Fresh from the Field, March 22, 2018

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Fresh from the Field is a weekly album showcasing transformative impacts made by partners supported by the National Institute of Food and Agriculture.

Editor: Falita Liles                                                                                                 March 22, 2018

Success Stories 

Fresh from the FIeld  Falita Liles USDA Photo

Integrating Two Types of Crop Models to Predict the Effect of Climate Change on Crop Yields

Researchers from University of Illinois (UI) are attempting to bridge two types of computational crop models to become more reliable predictors of crop production in the U.S. Corn Belt.

“One class of crop models is agronomy-based and the other is embedded in climate models or earth system models. They are developed for different purposes and applied at different scales. Because each has its own strengths and weaknesses, our simple idea is to combine the strengths of both types of models to make a new crop model with improved prediction performance,” said Kaiyu Guan, the principal investigator of this research.

Guan and his team implemented and evaluated a new maize growth model by combining superior features in both Community Land Model and Agricultural Production Systems Simulator.

NIFA supports this project through the Agriculture and Food Research Initiative.

Read the full story at College News at UI. USDA Photo.

News Coverage 

Photo by Neal Herbert National Park Service Ruffed Grouse Fresh from the Field Falita Liles

Detecting Capture-Related Mortality in Radio-Marked Birds Following Release

Researchers at the University of Maine are researching the fundamental assumption of avian survival analysis; that the act of capture, handling, and marking birds does not affect subsequent survival. This assumption is violated if animals experience injury, physiological stress, or disorientation during capture and handling that increases their mortality risk following release. Such capture-related effects must be accounted for during analysis, typically by censoring individuals from the survival history, to avoid biasing the resulting survival estimates.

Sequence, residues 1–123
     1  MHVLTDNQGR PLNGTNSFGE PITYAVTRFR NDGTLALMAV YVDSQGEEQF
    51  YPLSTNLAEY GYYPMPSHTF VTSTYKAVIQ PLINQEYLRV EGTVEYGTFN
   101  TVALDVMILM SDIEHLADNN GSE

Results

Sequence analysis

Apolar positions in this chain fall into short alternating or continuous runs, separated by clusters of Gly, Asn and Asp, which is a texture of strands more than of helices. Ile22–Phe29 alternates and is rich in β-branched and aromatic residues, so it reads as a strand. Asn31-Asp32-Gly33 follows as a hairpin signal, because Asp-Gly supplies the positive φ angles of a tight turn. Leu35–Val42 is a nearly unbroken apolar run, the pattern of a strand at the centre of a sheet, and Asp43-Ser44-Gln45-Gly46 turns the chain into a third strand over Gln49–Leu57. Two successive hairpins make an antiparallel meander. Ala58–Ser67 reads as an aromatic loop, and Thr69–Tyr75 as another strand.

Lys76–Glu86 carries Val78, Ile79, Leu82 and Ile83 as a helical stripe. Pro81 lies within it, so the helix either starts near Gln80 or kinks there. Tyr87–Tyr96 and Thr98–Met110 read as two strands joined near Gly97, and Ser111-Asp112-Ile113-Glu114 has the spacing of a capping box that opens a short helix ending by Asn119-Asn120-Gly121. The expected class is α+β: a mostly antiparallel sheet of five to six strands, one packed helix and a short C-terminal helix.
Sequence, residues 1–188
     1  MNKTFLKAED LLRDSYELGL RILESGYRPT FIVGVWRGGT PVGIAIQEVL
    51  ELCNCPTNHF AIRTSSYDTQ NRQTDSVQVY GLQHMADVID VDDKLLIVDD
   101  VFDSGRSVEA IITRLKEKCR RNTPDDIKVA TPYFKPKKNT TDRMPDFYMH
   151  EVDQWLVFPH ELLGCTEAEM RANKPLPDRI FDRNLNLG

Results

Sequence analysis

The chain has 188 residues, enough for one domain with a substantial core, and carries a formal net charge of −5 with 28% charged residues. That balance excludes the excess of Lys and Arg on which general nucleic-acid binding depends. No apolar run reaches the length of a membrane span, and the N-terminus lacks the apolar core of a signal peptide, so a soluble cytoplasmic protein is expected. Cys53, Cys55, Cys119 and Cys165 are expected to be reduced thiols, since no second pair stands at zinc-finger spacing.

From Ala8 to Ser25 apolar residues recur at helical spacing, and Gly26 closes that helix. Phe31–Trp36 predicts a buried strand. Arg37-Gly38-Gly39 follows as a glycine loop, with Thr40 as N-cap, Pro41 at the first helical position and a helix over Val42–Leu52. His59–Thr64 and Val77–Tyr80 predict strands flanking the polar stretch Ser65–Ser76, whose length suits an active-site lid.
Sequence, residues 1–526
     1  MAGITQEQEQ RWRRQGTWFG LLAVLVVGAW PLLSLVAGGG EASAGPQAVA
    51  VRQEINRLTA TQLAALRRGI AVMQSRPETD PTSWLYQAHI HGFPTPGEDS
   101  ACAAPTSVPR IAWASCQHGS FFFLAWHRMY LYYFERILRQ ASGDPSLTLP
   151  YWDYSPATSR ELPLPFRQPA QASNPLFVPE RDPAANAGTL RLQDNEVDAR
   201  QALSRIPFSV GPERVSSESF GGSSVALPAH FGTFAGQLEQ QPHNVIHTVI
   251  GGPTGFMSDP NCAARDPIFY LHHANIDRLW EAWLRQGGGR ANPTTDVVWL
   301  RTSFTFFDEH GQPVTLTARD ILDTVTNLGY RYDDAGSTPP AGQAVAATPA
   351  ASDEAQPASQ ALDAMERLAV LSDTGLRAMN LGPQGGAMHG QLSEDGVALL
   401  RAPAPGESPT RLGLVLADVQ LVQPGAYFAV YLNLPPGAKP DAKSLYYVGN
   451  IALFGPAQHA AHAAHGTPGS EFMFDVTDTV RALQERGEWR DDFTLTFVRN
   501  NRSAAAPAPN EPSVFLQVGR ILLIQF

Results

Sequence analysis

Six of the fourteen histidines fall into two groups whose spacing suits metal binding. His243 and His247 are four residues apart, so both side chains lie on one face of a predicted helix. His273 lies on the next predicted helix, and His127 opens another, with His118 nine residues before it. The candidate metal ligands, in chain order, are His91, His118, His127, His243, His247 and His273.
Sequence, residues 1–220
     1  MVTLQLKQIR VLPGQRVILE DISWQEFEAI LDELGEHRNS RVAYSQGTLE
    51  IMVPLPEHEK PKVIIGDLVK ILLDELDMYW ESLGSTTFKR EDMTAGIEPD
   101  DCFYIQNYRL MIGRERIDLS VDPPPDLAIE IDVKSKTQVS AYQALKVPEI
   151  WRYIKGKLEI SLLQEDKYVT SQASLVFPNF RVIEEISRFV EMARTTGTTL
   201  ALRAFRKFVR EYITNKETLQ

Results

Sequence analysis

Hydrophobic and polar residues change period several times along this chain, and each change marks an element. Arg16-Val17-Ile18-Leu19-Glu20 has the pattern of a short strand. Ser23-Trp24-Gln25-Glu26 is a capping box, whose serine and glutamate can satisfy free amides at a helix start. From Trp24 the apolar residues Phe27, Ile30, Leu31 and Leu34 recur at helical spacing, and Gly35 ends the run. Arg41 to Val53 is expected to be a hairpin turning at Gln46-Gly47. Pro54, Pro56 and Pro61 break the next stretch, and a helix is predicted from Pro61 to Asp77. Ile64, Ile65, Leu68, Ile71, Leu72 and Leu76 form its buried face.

They reviewed studies of radio-marked upland game birds to characterize researcher approaches for addressing short-term effects of capture on survival, and used data from a study of Ruffed Grouse to illustrate an empirical approach for evaluating such effects and identifying time thresholds to censor birds that die shortly after release. A majority of studies (65 percent) reported using some form of censoring for mortality that occurred within one to three weeks after release, although only 8 percent of studies reported an empirical approach to identify a threshold for censorship. The researchers found that Ruffed Grouse mortality was greater from one to six days following release when compared with seven to 30 days. 

NIFA supports this project through the McIntire-Stennis Capacity Grant Program.

Read the full article at Avian Conservation and Ecology. Photo by Neal Herbert/National Park Service.

The Library 

I-TOPP Group Photo Team Anna Keck Program Director Fresh from the Field  Falita Liles

Illinois Transdisciplinary Obesity Prevention Program (I-TOPP)

Over the past 30 years, the prevalence of overweight and obesity has doubled in 2- to 5-year-olds and tripled in children aged 6 to 11 years. NIFA, in 2011, funded the Illinois Transdisciplinary Obesity Prevention Program (I-TOPP), a joint doctoral/Masters of Public Health (MPH) degree program, at the University of Illinois (UI) with the goal of training future leaders to address the problem of childhood obesity.

“We know the causes of childhood obesity are multifactorial, involving both genetic and environmental causes,” said Sharon Donovan, professor in the Department of Food Science and Human Nutrition at UI and director of I-TOPP. “Of the environmental factors, family routines, nutrition, food security, physical activity, sedentary behavior, and sleep are all important.

The program’s transdisciplinary approaches span beyond the expertise of instructors and researchers within academia and also involve community stakeholders. These approaches, which are often a component of team science, teach students to master and then integrate broad methods to find solutions to complex public health problems such as childhood obesity.

NIFA supports this research through the Agriculture and Food Research Initiative

Read the full article at College News at UI. Photo credit: Anna Keck/UI.

Tweet of the Week


Fresh from the Field tweet March 22 2018